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Financial Stability Board leaves systemically important insurer list unchanged


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Financial Stability Board leaves systemically important insurer list unchanged

The Financial Stability Board decided not to publish a new list of global systemically important insurers for 2017, saying it could reconsider how it assesses systemic risk in the insurance sector and how the insurers, as well as policy measures applied to them, are identified.

The regulator said an "activities-based approach" to systemic risk being developed by the International Association of Insurance Supervisors, or IAIS, may have a significant effect on its assessment methods, adding that it will review progress on the approach in November 2018.

Policy measures set out in the FSB's 2016 list, however, will continue to apply to the firms designated as systemically important a year ago. These include a requirement to build an additional capital buffer known as the higher loss-absorbency standard.

The FSB's list in 2016 comprised AEGON NV, Allianz Group, American International Group Inc., Aviva Plc, Axa, MetLife Inc., Ping An Insurance (Group) Co. of China Ltd., Prudential Financial Inc. and Prudential Plc. AIG was de-designated as a U.S. systemically important financial institution in late September. MetLife successfully sued to have its designation removed, though a pending appeals court decision could override its victory in the lower court, and Prudential Financial has also suggested it could sue the U.S. to remove its designation.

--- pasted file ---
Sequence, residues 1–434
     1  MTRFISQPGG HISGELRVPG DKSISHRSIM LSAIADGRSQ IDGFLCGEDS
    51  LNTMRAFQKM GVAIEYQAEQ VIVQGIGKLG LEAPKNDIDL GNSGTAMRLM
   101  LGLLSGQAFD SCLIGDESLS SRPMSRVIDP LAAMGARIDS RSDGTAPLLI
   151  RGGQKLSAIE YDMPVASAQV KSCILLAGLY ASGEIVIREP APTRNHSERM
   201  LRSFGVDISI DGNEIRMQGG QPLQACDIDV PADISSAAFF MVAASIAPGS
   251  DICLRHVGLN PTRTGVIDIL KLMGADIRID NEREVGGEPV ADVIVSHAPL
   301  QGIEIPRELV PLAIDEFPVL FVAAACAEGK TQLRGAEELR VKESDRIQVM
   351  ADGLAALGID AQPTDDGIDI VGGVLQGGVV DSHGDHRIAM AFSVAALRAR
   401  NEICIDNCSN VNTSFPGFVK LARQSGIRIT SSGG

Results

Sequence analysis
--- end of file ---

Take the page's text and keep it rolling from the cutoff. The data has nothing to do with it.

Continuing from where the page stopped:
The FSB first created its list of global systemically important insurers in 2013, using assessment methods also developed by the IAIS, and has updated it every November.

"The current list approach, with automatic capital increases for those included, and largely driven by the size, is flawed," Reuters quoted Nicolas Jeanmart, head of personal and general insurance at industry lobby group Insurance Europe, as saying.

Association of British Insurers policy adviser Annalise Vucetich, meanwhile, said the reason the FSB opted not to update the list was unclear as the IAIS has barely made progress on the new activities-based approach.